Arthur Meiselman

march 2006

Julius Krinski, A Life

In 1948, Julius Krinski left home at the age of 19. Europe was devastated. His home and his country, Hungary, were shattered; his family destroyed. After two years as a displaced person, he emigrated to Australia because the U.S. had stymied his entry and he had nowhere else to go. He came to this new land with a meager education and a profound lack of worldliness.

For the next 40 years, Krinski explored and invented his life. He absorbed literature and philosophy, taught himself music, immersed himself in art. He became a confidante and close friend to Australia's great writer and only literary Nobel Laureate, Patrick White. He was a young lover to a young actress who would become a world-renowned stage performer and director, Zoë Caldwell. The array of his liaisons with Australia's famous, artistic, and eccentric reads like a confessional travelogue a lá Frank Harris' My Life and Loves.

Once he had a few hard-earned "dollars" in his pocket, Krinski began to travel: through Asia, the U.S. and eventually back to Europe. He traveled in pursuit of understanding who he was and what he was. Above all, he pursued his love of art and the ephemeral art of love.

Fifteen years ago, he left Australia and moved to Thailand.

Always a writer, Krinski has published stories and articles from time to time. Currently, he is finishing a novel. His primary resource is his own journal which he has kept since childhood. In 2003, he digested over 2000 pages into a 465-page book and published it in Hungary. Recently, AviarPress published the English version. It is a painfully unvarnished, provocative and imaginative work. As one reviewer commented:

    "it is unique and unrepeatable. And it makes it even more gripping and exciting if someone likes it 'hot' - like Krinski. But this life isn't just about pursuing pleasures—it is about someone who wants to know what it really means, needs  to remember where he came from and sometimes how hard it was to keep on living."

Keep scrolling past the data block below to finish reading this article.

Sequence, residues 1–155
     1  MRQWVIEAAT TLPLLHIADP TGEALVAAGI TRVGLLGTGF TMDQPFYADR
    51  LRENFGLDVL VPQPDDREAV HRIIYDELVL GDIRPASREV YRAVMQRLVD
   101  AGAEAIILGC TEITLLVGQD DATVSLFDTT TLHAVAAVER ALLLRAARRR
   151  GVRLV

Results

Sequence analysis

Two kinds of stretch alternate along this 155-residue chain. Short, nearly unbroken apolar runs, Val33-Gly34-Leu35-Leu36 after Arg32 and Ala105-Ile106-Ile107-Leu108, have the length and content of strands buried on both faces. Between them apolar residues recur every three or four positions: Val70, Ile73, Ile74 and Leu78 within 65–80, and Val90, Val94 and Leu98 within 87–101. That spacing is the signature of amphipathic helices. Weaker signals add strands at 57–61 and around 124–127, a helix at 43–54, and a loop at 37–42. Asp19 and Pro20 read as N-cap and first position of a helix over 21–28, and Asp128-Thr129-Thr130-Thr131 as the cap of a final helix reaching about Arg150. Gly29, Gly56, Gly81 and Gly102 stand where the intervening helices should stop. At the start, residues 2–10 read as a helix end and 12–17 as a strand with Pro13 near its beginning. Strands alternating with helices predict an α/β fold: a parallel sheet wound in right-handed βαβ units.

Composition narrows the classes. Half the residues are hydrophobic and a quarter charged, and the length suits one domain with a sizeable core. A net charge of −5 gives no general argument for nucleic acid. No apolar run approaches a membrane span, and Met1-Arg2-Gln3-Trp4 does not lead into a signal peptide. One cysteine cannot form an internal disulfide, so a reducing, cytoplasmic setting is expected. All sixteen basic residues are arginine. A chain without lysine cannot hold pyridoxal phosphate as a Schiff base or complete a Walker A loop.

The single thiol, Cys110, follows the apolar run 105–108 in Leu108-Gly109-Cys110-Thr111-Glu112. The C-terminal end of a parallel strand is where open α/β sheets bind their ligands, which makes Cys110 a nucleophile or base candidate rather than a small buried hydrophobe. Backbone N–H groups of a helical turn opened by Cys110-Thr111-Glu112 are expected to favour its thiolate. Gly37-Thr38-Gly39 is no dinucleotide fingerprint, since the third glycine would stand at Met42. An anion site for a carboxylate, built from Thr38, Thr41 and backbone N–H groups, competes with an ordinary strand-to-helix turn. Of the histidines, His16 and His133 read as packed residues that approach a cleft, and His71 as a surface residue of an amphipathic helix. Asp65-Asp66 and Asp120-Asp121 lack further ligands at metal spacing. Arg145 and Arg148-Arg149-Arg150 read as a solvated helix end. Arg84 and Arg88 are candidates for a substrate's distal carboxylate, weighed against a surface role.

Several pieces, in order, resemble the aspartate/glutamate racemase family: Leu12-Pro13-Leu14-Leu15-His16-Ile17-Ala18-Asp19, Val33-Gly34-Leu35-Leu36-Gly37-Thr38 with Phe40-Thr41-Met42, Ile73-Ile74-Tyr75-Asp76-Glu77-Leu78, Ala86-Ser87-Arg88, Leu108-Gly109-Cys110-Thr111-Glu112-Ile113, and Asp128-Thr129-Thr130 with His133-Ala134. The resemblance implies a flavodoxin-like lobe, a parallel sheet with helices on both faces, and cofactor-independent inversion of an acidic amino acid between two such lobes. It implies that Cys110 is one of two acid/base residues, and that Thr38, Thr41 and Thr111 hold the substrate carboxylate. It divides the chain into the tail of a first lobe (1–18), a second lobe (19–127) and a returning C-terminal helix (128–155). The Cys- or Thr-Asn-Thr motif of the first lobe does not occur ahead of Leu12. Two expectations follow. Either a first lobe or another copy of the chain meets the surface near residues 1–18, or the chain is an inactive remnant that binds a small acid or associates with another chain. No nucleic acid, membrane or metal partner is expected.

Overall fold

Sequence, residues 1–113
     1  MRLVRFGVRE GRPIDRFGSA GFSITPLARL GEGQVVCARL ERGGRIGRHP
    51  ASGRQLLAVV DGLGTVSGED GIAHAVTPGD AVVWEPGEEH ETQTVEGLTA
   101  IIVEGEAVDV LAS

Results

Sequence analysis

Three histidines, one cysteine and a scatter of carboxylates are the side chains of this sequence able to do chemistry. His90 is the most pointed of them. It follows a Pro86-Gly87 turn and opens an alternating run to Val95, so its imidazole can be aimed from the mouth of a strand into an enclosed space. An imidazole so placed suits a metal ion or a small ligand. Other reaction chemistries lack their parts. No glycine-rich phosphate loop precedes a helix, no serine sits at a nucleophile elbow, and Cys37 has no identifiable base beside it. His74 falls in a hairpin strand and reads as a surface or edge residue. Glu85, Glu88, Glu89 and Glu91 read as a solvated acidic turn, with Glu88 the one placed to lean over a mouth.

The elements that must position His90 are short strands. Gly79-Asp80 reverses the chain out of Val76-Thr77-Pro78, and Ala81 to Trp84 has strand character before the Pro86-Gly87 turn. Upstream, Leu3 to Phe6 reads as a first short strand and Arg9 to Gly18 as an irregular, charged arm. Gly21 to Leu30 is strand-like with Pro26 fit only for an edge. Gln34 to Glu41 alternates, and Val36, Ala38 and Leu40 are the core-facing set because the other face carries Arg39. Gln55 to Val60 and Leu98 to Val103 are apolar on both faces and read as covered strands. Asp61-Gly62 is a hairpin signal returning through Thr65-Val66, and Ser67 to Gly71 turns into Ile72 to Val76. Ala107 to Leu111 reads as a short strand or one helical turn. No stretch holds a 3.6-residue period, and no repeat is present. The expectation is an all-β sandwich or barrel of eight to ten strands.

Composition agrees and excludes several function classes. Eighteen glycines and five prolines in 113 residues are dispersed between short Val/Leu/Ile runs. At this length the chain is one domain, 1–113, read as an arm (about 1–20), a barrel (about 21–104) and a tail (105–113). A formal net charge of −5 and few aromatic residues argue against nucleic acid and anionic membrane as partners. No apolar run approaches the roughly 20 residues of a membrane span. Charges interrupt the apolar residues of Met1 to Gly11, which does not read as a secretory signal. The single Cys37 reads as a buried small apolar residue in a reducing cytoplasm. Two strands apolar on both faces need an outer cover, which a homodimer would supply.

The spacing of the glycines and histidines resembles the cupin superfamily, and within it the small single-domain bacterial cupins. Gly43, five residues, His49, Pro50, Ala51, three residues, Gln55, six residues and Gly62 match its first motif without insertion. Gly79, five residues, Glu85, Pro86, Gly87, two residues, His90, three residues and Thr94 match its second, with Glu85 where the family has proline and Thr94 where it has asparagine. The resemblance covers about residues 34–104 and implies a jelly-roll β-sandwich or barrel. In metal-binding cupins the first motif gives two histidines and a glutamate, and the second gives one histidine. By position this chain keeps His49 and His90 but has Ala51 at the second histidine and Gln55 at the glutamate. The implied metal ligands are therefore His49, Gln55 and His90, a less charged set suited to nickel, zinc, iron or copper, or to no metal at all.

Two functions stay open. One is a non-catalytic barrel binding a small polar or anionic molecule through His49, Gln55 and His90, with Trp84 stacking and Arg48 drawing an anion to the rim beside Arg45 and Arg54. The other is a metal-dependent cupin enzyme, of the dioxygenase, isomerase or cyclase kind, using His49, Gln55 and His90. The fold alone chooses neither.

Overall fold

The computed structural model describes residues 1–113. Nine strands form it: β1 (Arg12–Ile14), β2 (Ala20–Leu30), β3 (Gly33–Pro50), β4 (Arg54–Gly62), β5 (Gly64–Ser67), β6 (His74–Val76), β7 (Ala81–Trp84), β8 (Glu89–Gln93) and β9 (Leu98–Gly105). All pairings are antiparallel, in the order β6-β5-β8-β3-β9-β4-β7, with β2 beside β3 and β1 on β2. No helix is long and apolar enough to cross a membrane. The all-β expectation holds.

Last year, I spent some time with Krinski at his home in Jomtien, Thailand. What follows is a taste of our conversations.


When and why did you begin to write?
When I was a boy and why not? I was so curious about everything around me and I wanted to know where I fit in.

And your journal?
Almost every day, when I could.

For nearly 70 years and over 2000 pages.
Almost every day.  It was my secret life, my secret mirror, what I call: confessions with liberty. But I never intended to publish it. It just followed me wherever I went to follow me in this life and out of it. Me.

So then you published it.
In reality, I already published some small part of it —in my book of short stories, Cantos, in some other works I took the stories out of my journal. Why did I finally publish this larger book? To find the answer. I don't know the answer. The same question again and again: What have I done, was it all worth something? But more important because I realized that I will live as long as someone remembers me. I don't know. I'm not looking for forgiveness, I'm looking for light. Many of the people to talk about are gone; no answers there. But there are some who are still around. And I hope there are some who see my life for the first time who can see what maybe I cannot.